“This exhibition would not have been possible without Mr Stokes’s generous donation of this collection to the Memorial earlier this year,” said Australian War Memorial Acting Director Nola Anderson. “We are very grateful to him for his ongoing support in helping us to preserve our nation’s military heritage.”

The photographs have been specially hand-printed in the Memorial’s darkrooms from the original glass-plate negatives. Objects from the battlefields reveal what the Australians experienced and endured, while the personal letters and diaries that have been included let these soldiers speak to us in their own words.

Remember me: the lost diggers of Vignacourt will be on display until 31 July 2013.


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Postby chiselray » Sun Nov 11, 2012 4:35 am

yes remember them..

I was only 19 ...great song ....packs a punch and brings it home i guess as best a civilian would want to hope to imagine without dying inside as some diggers would have.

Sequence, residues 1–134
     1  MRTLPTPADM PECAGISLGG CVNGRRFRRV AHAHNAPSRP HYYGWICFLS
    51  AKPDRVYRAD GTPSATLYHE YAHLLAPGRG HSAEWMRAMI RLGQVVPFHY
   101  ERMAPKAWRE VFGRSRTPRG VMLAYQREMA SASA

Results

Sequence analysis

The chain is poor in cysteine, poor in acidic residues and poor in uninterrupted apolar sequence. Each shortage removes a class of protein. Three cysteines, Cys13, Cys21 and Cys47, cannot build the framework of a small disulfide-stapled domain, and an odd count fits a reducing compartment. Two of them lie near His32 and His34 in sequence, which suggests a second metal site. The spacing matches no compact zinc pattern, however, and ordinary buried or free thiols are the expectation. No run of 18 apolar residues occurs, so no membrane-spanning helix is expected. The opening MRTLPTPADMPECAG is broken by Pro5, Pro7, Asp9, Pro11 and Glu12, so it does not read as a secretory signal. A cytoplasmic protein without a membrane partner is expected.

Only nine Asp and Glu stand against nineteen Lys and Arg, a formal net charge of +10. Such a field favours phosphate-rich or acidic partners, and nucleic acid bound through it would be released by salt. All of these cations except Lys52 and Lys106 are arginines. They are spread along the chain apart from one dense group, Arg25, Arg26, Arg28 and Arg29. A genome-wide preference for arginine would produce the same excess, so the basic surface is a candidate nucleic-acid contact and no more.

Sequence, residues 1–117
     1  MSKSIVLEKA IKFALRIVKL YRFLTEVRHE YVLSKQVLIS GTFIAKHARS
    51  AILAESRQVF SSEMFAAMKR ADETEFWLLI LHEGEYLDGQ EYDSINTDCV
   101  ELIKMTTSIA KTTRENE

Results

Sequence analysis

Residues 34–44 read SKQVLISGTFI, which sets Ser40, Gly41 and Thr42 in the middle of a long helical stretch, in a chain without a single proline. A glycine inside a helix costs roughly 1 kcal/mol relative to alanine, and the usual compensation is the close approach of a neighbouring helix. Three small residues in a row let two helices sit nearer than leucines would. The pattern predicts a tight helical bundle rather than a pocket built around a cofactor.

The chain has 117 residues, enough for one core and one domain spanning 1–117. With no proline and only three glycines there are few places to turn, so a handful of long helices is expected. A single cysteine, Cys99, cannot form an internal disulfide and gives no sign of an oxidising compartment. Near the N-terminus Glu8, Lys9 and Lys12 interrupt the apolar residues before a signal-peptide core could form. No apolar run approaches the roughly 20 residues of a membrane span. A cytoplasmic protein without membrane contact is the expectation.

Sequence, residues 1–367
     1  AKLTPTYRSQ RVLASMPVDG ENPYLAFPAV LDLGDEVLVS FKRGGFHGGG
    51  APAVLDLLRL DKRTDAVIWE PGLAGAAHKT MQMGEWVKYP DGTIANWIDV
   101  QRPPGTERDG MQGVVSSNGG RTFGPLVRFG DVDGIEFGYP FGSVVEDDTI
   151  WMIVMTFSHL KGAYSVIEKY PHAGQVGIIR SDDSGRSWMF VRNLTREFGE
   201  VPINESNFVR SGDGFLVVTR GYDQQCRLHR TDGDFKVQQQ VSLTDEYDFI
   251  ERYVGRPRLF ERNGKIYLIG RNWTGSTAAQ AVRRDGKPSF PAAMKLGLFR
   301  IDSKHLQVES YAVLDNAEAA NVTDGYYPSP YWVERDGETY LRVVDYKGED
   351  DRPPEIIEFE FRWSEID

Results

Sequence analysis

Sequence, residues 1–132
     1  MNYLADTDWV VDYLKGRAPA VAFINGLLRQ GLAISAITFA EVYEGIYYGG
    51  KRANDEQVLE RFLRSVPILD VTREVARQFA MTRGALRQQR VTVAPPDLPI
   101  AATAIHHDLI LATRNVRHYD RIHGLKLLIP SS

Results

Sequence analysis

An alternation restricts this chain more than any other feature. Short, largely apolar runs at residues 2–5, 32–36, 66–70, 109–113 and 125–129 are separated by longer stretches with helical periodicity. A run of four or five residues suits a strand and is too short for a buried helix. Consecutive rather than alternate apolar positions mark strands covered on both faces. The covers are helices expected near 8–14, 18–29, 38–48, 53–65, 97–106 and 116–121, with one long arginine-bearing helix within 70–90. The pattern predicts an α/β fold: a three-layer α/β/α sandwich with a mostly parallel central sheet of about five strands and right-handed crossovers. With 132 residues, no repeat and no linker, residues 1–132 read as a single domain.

It was odd weather here today as a matter of fact ...started out cold and steely ,then by 11 am the sun broke through and there on the day came about .
Almost a poetic presence of the significance of this day ,a sense of dialog could have been felt if you would look for it .
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Postby rath » Sun Nov 11, 2012 9:27 am

chiselray wrote:yes remember them..

I was only 19 ...great song ....packs a punch and brings it home i guess as best a civilian would want to hope to imagine without dying inside as some diggers would have.


I was only 19, is a great Australian song, altho it's about Vietnam & not World war 1 or 2. It's right up there with Australia's best war songs.

Alon with the band played waltzing matilda & Cold Chisel -Khe Sanh.

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Postby chiselray » Mon Nov 12, 2012 2:46 am

Cold chisel...hense my username.. Australias Biggest Band , without a doubt ...